Randy Dotinga is a medical writer based in San Diego, Calif.
A large new study provides more evidence that cholesterol drugs may lower kidney stone formation.
A large new study provides more evidence that cholesterol drugs may lower kidney stone formation. Researchers found that subjects who took statins were less likely to develop stones, and they spotted an especially dramatic effect among recurrent stone formers.
The findings don’t say anything about a direct link between statins and stone formation, so there’s no way to know if cholesterol drugs hold value as a preventive measure for patients at risk of stones. “For now, patients with stones who are already on statins should be encouraged to continue use,” said lead author Andrew Cohen, MD, a urology resident at the University of Chicago Medical Center.
At issue: Are statins beneficial for those at risk of stones? There’s sparse research into the question.
A 2013 study of military medical records (Clin Nephrol 2013; 79:351-5) found fewer cases of stone formation in patients who took statin medications compared to those who did not (3.1% vs. 3.7%, univariate OR=0.83, 95% CI: 0.76-0.91, p<.001), and multivariate analysis suggested a protective effect for statins (OR=0.51, 95% CI: 0.46-0.57, p<.001). And a newer study (Urolithiasis 2015; 43: 49–53) of more than 52,000 subjects linked dyslipidemia to a higher rate of kidney stones in both univariate (HR=2.2 [CI: 1.9–2.5; p<.001]) and multivariate (HR=1.2 [CI: 1.0–1.5; p=.033]) analysis.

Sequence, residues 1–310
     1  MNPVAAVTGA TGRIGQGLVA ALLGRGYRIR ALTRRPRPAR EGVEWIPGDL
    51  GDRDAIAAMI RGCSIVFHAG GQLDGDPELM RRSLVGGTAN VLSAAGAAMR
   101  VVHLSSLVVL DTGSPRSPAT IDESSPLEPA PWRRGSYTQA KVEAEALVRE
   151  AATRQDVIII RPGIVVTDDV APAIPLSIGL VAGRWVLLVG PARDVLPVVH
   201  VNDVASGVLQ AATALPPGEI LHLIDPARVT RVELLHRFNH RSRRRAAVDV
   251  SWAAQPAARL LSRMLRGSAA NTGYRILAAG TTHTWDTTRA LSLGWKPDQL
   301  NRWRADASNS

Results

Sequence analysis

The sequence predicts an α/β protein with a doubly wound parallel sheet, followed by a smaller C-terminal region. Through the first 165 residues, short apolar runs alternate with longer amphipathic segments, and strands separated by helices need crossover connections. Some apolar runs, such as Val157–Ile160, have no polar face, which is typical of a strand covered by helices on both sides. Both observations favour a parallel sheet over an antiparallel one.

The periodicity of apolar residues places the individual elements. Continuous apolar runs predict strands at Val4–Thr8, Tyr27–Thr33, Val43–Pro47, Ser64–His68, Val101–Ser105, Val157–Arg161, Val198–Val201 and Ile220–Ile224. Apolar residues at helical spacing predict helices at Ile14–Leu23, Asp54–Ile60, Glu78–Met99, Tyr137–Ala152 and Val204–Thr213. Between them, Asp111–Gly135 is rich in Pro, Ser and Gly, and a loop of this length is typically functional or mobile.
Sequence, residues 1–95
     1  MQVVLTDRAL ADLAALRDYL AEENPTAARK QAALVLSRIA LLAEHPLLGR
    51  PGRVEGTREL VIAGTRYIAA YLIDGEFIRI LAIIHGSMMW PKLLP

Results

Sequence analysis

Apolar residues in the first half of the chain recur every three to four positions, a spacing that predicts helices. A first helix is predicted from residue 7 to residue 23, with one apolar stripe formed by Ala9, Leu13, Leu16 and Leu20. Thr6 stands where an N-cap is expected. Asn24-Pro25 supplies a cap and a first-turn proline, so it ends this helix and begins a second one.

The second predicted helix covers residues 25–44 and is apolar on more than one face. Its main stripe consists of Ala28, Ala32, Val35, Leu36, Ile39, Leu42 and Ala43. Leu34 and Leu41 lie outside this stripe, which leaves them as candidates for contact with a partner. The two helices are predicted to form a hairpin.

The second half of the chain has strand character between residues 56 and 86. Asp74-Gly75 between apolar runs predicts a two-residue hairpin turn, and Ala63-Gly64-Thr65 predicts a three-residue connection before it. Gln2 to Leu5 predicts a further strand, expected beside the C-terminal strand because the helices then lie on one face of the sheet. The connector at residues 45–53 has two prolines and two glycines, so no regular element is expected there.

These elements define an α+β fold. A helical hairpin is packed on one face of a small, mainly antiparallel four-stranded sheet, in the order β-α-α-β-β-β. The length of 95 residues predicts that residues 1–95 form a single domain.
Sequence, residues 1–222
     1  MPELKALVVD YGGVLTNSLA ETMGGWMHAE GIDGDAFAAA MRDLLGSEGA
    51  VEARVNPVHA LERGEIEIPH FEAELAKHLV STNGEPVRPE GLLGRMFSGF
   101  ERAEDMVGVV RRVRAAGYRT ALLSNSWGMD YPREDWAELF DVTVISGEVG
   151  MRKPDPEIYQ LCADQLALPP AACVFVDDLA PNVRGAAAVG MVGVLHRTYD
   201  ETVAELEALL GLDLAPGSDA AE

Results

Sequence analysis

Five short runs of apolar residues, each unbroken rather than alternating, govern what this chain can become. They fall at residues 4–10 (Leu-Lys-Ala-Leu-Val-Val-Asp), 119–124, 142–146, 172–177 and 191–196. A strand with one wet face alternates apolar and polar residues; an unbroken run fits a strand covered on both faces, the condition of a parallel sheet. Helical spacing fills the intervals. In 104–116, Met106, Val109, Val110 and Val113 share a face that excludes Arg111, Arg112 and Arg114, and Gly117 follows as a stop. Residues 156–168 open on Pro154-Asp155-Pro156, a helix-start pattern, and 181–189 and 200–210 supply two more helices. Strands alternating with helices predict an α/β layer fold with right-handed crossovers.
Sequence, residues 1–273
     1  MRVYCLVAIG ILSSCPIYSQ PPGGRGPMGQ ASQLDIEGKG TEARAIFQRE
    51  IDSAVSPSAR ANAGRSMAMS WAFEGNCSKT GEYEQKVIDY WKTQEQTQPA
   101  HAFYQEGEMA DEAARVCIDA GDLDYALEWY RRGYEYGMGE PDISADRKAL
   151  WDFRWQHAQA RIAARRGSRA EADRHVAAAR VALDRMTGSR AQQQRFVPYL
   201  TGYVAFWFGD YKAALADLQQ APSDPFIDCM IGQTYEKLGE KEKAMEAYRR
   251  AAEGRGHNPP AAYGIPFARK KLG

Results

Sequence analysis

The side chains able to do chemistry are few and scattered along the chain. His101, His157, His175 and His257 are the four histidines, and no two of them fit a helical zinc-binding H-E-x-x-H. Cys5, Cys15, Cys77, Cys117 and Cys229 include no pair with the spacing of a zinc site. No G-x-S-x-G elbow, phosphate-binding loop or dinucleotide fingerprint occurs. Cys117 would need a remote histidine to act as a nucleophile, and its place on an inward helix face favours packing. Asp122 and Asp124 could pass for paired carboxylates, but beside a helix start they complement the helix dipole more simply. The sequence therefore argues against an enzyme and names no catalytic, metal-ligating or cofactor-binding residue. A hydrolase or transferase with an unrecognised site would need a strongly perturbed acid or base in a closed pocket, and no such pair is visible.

For the current study, presented at the 2016 AUA annual meeting in San Diego, the authors identified 101,259 patients diagnosed with hyperlipidemia during enrollment at the University of Chicago Medical Center from 2009-2011. Researchers tracked the subjects for stone formation and cholesterol drug use through 2015.
Almost 48% received a prescription for a statin in the study period; they were much older (60.7 vs. 51.9 years) and more obese (29.2 kg/m2 vs. 28.1 kg/m2, both p<.01).
Those who took statins and hadn’t had stones previously were less likely than non-users to develop new stones (3.8% vs. 4.7%, p<.01).
After adjusting for race, body mass index, gender, and comorbidities, the authors found evidence of a protective effect of statins (OR=0.57, p<.01), and the apparent effect was greatest in previous stone formers (OR=0.53, p<.01).
Is lower cholesterol translating to fewer stones? Dr. Cohen doesn’t think so.
“Our inclusion of lipid lab data suggests patients prescribed statins were compliant with their medication. But there was no clinically significant association between high total cholesterol or high LDL cholesterol levels and stone risk. This may mean statins function via reducing inflammation and not by direct lipid-lowering effects,” said Dr. Cohen, who worked on the study with Sangtae Park, MD, MPH, and colleagues.
How might there be a connection then?
“Statin-treated rats have been shown to have lower levels of renal tubular cell injury and increased antioxidants, but more research is needed to understand the biology of this association. Statins may have wide-reaching effects within the body that are not completely understood,” Dr. Cohen said.
What should happen next?
“Future study involving concurrent 24-hour urine parameters and stone analysis for those patients on statin therapy may be of benefit,” Dr. Cohen said. “Furthermore, if an anti-inflammatory effect is truly the cause, the utility of other anti-inflammatory medications could be studied in this context. A prospective randomized clinical trial would be definitive.”